Agencies shy from judge's view of health services
Government departments appear to be passing the buck when it comes to backing mental health and addiction services in Southland.
Judge Raoul Neave voiced frustration last Tuesday about budget constraints that hampered efforts to reduce prison populations.
He questioned how offending rates could be reduced if various services were constrained by funding issues. If the legislature wanted to reduce crime, it needed to provide more flexible tools.
Judge Neave made the comments after jailing Benjamin Paul Vercoe for six months on two charges of assaulting a female, though the "obvious place" for Vercoe to go was into mental health services.
This week, The Southland Times took the judge's comments to government departments to ask who was responsible for gaps in mental health services in the south:
The Justice Ministry said it was an issue for the Corrections Ministry.
The Corrections Ministry referred questions to the office of Corrections Minister Anne Tolley. Ms Tolley's press secretary said there would be no comment, and recommended contacting the Health Ministry.
The Health Ministry said it would be best to approach the Southern District Health Board.
On Tuesday, the board's mental health and addictions medical director, Dr Alfred Dell-Ario, said it was inappropriate to comment on a judge's comments in court.
Vercoe's lawyer, Mike Newell, said last Tuesday that his client was stuck in a situation where mental health services did not want to know about it and other agencies were not able to help.
Labour's justice spokesman, Charles Chauvel, said he had been aware of gaps in the system in Southland for some time.
He believed it was a health issue, but one that the Justice Ministry and the courts minister should be taking a stand on.
Mr Chauvel said he would be writing to Courts Minister Chester Borrows about this issue.
Number 10 youth centre manager Jocelyn Johnstone agreed with Judge Neave's comments.
The centre has a contract with the health board and with the Social Development Ministry, but there was definitely room for the centre to work with government departments more, she said.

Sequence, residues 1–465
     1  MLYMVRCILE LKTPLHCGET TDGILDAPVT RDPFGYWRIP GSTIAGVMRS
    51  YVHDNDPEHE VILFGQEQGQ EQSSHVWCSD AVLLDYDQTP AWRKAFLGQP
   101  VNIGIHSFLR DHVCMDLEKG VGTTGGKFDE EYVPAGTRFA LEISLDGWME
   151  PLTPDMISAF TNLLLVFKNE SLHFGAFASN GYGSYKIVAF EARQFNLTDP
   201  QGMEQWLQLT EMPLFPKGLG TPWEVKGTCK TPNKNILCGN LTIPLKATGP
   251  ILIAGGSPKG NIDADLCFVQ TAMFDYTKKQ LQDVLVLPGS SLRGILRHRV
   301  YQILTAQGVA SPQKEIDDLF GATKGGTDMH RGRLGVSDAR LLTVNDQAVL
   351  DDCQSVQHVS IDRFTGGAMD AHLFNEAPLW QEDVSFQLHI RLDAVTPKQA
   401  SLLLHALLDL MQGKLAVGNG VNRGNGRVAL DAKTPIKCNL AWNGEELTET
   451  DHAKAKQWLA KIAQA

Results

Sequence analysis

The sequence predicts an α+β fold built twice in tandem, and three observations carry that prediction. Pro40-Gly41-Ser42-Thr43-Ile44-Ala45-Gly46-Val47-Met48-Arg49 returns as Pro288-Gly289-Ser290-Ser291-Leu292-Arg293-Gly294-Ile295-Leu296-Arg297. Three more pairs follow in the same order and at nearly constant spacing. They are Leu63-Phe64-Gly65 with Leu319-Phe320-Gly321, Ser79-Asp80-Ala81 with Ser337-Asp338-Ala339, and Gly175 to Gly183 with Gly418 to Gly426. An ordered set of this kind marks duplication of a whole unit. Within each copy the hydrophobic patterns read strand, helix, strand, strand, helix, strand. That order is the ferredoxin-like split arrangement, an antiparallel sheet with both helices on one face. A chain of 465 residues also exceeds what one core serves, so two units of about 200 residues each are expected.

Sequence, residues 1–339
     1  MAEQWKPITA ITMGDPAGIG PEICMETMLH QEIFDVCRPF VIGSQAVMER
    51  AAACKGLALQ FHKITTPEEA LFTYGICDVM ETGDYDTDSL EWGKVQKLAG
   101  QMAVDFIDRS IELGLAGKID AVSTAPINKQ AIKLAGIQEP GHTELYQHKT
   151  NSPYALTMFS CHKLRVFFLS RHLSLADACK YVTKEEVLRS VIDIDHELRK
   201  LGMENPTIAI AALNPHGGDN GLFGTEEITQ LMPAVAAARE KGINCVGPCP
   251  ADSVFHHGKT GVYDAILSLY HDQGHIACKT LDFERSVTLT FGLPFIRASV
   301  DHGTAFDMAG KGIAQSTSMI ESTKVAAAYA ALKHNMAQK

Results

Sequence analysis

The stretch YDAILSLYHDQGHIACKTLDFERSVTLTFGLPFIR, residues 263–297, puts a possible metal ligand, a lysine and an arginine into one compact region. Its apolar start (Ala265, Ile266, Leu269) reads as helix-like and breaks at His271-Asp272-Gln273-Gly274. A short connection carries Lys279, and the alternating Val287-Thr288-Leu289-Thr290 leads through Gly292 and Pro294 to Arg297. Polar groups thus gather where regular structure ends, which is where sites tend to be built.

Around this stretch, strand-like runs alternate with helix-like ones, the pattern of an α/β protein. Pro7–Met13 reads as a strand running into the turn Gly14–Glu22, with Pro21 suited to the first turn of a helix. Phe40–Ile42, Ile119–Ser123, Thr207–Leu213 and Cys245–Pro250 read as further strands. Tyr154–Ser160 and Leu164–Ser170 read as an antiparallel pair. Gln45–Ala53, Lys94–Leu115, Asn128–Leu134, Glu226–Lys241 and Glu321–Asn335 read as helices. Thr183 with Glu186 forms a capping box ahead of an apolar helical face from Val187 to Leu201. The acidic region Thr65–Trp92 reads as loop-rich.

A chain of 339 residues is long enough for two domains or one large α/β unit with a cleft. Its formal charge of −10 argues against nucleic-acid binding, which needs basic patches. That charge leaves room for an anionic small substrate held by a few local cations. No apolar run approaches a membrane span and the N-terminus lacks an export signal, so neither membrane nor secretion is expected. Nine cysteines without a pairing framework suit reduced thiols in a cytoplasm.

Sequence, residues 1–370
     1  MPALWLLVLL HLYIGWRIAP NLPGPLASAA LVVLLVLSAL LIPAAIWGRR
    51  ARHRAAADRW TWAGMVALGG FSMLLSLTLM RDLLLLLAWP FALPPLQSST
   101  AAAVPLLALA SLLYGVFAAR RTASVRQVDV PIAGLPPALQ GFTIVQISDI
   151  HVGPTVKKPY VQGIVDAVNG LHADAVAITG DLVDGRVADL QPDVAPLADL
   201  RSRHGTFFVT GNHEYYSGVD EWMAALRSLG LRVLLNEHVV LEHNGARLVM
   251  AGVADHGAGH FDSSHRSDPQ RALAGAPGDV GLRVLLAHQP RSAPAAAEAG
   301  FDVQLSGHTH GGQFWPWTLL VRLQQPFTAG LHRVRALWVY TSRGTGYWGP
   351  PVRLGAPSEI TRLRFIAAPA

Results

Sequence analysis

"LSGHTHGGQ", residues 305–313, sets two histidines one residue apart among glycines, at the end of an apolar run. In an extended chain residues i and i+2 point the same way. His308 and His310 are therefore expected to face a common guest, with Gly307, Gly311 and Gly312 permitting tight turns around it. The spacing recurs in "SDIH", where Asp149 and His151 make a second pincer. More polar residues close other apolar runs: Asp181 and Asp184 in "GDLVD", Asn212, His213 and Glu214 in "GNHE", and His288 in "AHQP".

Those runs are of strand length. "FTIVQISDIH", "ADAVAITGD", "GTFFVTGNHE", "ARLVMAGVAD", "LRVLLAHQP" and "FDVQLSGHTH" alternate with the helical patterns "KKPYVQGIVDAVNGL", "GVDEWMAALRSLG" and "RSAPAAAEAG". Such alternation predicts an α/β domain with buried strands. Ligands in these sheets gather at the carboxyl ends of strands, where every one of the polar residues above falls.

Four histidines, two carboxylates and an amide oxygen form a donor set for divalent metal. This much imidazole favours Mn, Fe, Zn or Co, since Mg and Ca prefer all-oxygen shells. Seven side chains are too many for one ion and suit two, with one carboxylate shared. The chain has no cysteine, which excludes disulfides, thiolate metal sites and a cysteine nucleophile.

The centre offers health services to young people aged 10 to 24. About 3700 were now enlisted, and about 40 per cent of the centre's work was in mental health services, with three volunteer counsellors on board.
It was a need that had "grown and grown", said Ms Johnstone. "We've really got to watch those cracks and plug them."
It was also important for the different agencies to be communicating because it was too "easy to do your own thing in your service".
"We are filling a gap but not all the gaps," she said. A memorandum of understanding was being worked on so all agencies in the region would be working together in the same way.
Adventure Development psychologist and Southland area manager Clive McArthur said there were gaps in every sector - and the line between mental health issues and behavioural issues could become blurry.
He hoped the health board's mental health and addiction sector plan, "Raise Hope", adopted in May and still in its implementation phase, would be a step forward in addressing this.
Yesterday, the health board's mental health and addictions directorate general manager, Louise Travers, and Future Directions co-ordinator Richard Harris, organised a telephone conference about services offered through New Directions, a network of 180 organisations in the south working in the mental health and addictions area.
They could not comment on Judge Neave's remark but, when asked about gaps in services, Mr Harris said it was not so much gaps as being mindful of the services being provided.
- © Fairfax NZ News
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